Israeli director Ron Tal’s The Garden of Eden is a collage of a film, filled with short vignettes of the hodgepodge of people who visit the swimming hole and grounds of Sakhne National Park in the Jordan Valley. The gorgeous oasis physically looks like an imagined Garden of Eden, filled with palm trees, lush vegetation, and a waterfall, but the intangible meanings the place holds to those who make it a destination are equally abundant. Arabs mix with Jews, tourists with natives, young with old, bikini-clad with fully veiled. When warm months bring flocks of bodies to swim in the crystal water, an innocence prevails that allows for everyone to momentarily forget their differences and politics and to simply enjoy life together in a utopia of sorts.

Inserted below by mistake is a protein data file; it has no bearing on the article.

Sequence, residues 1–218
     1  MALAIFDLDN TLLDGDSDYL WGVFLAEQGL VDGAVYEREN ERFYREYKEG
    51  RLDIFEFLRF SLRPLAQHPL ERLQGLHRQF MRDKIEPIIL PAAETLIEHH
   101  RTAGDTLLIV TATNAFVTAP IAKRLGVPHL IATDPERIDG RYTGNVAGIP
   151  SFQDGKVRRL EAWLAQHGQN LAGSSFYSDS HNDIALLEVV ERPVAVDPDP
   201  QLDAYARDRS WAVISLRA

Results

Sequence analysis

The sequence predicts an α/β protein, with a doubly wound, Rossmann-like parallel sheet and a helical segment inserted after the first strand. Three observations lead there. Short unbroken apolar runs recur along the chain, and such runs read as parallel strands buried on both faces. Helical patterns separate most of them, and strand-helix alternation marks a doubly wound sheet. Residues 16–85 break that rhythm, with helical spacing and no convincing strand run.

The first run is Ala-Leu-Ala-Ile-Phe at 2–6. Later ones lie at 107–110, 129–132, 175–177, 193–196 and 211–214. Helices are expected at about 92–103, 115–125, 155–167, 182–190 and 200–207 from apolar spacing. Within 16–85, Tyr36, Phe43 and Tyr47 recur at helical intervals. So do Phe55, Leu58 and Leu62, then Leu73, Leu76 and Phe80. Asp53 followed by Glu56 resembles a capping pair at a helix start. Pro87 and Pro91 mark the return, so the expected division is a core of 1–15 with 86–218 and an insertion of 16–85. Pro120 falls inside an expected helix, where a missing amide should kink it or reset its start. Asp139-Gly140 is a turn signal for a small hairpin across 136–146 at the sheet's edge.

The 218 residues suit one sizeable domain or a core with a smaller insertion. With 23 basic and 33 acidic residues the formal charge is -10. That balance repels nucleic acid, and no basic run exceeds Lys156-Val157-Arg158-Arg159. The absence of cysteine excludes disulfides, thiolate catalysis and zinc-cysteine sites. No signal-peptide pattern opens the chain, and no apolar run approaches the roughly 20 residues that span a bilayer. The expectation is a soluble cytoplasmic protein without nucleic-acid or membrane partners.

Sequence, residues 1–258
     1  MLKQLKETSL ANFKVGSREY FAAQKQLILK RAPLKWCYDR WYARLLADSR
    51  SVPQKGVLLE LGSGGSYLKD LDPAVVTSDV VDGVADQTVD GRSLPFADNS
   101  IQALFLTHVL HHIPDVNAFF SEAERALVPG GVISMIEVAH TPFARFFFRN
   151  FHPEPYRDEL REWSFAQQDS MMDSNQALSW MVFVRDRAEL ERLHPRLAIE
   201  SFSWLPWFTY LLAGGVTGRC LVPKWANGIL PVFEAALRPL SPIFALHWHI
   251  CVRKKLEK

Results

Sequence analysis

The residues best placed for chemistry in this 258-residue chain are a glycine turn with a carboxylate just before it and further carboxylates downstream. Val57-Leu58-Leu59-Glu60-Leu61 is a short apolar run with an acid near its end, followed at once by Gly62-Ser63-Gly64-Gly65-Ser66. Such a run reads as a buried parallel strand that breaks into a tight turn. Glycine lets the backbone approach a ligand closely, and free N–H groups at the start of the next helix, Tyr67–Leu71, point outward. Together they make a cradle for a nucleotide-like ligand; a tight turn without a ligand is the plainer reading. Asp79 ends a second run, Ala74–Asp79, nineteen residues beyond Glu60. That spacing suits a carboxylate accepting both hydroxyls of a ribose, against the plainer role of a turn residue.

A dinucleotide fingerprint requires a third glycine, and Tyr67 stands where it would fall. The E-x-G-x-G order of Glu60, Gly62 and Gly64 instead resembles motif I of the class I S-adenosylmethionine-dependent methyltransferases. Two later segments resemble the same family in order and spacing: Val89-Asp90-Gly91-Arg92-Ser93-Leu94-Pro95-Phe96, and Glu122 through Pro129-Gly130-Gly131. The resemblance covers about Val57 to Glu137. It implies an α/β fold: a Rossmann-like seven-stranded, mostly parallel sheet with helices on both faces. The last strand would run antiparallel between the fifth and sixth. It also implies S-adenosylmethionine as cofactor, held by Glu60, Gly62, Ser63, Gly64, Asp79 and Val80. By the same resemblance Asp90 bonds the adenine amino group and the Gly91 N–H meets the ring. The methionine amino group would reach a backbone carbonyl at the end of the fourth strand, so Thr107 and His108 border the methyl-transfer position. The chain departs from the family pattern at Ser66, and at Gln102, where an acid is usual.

This may sound a bit too naïve or cliché to be true, but Tal frequented the watering hole when he was growing up, so he knows well how it’s used as a place of refuge and escape from the troubles of the region. He uses the visual backdrop of natural perfection to sharply contrast the troubles of the people he interviews. From what are the frequenters trying to escape? As to be expected from a film made in this part of the world, many of the tales are rooted in the chasms created by religious and political differences and their effects on personal identity. Many of the portraits divulge incredibly pain-filled pasts, and there’s an immense amount of strength of character common to them all; perhaps this is because of the people Tal selected to interview, or perhaps it’s a pervasive Israeli quality born from a history of constant struggle. And perhaps this unspoken commonality is why those who visit Sakhne can forget their strife and temporarily indulge in the notion that Eden—in certain special coves of the world—can and does still exist.
True/False ran from February 28—March 3.